With all the talk about iPhones -- this new version of iOS, that new iPhone -- it can be difficult to remember that Android, not iOS, is the most popular operating system for smartphones. Why are they so popular?
People have a number of different theories, each one tinged with a bit of bias towards Google or towards Apple. If you ask Google fans, Android and its "openness" is a superior operating system, and will defeat Apple and the iPhone. If you ask Apple fans, Android is a cheap knockoff of the iPhone and is an inferior smartphone operating system to iOS.
As with most complex issues, the truth probably lies somewhere in the middle. It is worth exploring reasons to buy an Android smartphone before making the leap to a smartphone (whether that be iPhone or Android).
Better Syncing Capabilities
*Note: when iCloud is released in Fall 2011, this argument will be somewhat more obsolete. However, it remains to be seen whether or not Apple's iCloud service for its devices will be equal or superior to iCloud syncing.*
When you buy an Android phone and turn it on, you're immediately asked for your Google ID. Once you insert it, *all* of your contacts, calendar items, and e-mails sync instantly to your phone. For users who are heavy users of Google's products (such as Gmail and Google Calendar), this feature is a godsend.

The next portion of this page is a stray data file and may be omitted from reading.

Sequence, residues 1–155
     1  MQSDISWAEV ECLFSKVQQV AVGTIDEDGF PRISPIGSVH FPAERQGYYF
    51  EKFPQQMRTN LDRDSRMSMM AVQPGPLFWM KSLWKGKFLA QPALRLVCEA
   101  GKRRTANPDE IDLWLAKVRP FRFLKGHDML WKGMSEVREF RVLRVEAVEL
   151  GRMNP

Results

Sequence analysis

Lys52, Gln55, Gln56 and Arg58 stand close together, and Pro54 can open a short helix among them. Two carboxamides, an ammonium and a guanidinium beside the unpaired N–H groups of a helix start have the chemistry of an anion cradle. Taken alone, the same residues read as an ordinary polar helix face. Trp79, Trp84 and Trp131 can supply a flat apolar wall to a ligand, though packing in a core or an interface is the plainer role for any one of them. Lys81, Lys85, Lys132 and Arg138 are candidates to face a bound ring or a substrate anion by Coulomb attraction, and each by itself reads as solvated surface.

Contrast this with Apple's manual syncing method, and you can see why many prefer Google's constant wireless syncing. The ecosystem of online, cloud-based products Google has built is very appealing to many who want a hassle-free sync process.
Until recently, the iPhone could only be used on AT&T's network in the United States. Now that Verizon sells the iPhone as well, there are two networks on which to use the iPhone. Contrast this with the fact that you can buy an Android smartphone on *many* networks, including Virgin (which offers very affordable unlimited data, calling, and texting plans that will make many Verizon and AT&T users silently weep).
Some individuals would love to use an iPhone on Verizon or AT&T, but those networks provide shoddy (or nonexistent) coverage in their regions. In this case, these consumers must go to T-Mobile, Sprint, or other mobile companies. If they want a smartphone an Android phone is the only option.
iPhones are not cheap. To buy one outright, it costs $649-$749 (with a plan, an iPhone costs $199-299). Many Android phones have been commoditized, and are therefore cheaper than iPhones, even when purchased outright. While this is not true of the top-of-the-line ones, Android phones can often be much more budget-sensitive than iPhones are, especially for light smartphone users.
So, clearly Android is not just a knockoff competitor of the iPhone operating system. There are valid reasons for buying an Android phone, just as there are valid reasons for buying an iPhone. Think of these phone as tools: there isn't just one type of hammer with which you can build a house. In the same way, there isn't just one "right" smartphone.